La Sagrada Familia is one of the most famous religious structures in all of the world. Alomost every visitor to Barcelona makes a pilgrimage to this extraordinary church. The last time that I was in the city I went once during the day and once at night. But the stunning basilica is not without controversy.
Construction of La Sagrada Família began in 1882 according to the plans of the initial architect of the project, Francisco de Paula del Villar. In 1883, architect Antoni Gaudí took over the project and changed the design of the structure entirely and dramatically. Gaudí exclusively worked on La Sagrada Família from 1914 until his death in 1926. Many architects have worked on the construction of the church since then, following Gaudí’s detailed drawings.
Last year, two of the towers were finally completed and two more are scheduled to be finished by the end of 2023. The central tower of the basilica, the Tower of Jesus, is expected to be completed in 2026. This will mark the end of the construction of the basilica.
However, now a contentious argument has emerged over the city’s plan to create a new entrance for the basilica. It’d be an enormous staircase that goes over the street in front of the church – and it would require razing the 3,000-resident apartment across the street.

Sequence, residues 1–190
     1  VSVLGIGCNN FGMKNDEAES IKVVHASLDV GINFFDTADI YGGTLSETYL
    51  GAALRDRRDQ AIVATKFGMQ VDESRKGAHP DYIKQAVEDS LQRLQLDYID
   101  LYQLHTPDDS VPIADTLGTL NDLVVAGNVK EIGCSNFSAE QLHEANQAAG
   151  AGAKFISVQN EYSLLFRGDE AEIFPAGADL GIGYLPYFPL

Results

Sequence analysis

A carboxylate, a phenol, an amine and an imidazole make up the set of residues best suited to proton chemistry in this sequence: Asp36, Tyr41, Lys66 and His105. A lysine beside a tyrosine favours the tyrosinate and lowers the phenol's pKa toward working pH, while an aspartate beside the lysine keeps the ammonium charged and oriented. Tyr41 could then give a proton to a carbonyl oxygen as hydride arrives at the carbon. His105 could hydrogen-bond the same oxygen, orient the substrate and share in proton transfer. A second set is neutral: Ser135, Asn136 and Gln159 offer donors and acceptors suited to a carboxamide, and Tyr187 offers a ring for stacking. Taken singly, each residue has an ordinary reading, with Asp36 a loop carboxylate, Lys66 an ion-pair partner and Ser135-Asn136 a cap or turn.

As you might expect, local residents are not pleased, so they’re suing the city to stop the construction. The Barcelona municipal government and the neighborhood residents are embroiled in an originalist argument over whether the architect even intended to have such a grand entrance.
Increasingly desperate residents are hopeful that they can save their homes by arguing that the elaborate Glory facade was not even part of Gaudí’s original plans. Their argument, which has formed the basis for a lawsuit filed against the city council, hinges on the fact that a fire destroyed the architect’s original papers. Gaudí’s intentions have been pieced together and inferred from surviving photos, preliminary sketches and the claims of his assistants, and the Glory facade’s staircase is one of the more contentious elements of this reconstruction.
The website artnet recently took a deep dive into the controversy. if you have been part of the throng of nearly 5 million annual visitors to the church, or if you hope to see it in person someday, the article makes an interesting read. Check it out here.
An interesting read. Thanks.